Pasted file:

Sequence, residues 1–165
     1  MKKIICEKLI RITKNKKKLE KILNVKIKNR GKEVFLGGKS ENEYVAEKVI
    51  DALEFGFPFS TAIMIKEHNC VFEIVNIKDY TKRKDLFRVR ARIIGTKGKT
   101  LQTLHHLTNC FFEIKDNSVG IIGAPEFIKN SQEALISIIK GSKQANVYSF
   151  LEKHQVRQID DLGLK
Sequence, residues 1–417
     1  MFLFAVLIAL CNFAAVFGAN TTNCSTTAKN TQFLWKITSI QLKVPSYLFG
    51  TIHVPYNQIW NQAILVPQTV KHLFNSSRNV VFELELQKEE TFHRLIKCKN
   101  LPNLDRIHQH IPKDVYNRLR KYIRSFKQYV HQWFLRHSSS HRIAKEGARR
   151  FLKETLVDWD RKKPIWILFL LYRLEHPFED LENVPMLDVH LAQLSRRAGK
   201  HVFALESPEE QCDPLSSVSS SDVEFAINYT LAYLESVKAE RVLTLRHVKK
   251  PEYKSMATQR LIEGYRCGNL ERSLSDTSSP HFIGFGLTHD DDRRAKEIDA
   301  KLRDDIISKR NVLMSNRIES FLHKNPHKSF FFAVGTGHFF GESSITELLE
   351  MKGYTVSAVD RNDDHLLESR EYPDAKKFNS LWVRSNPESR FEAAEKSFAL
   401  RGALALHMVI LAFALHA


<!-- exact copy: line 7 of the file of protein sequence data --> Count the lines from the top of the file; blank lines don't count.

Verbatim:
     1  MFLFAVLIAL CNFAAVFGAN TTNCSTTAKN TQFLWKITSI QLKVPSYLFG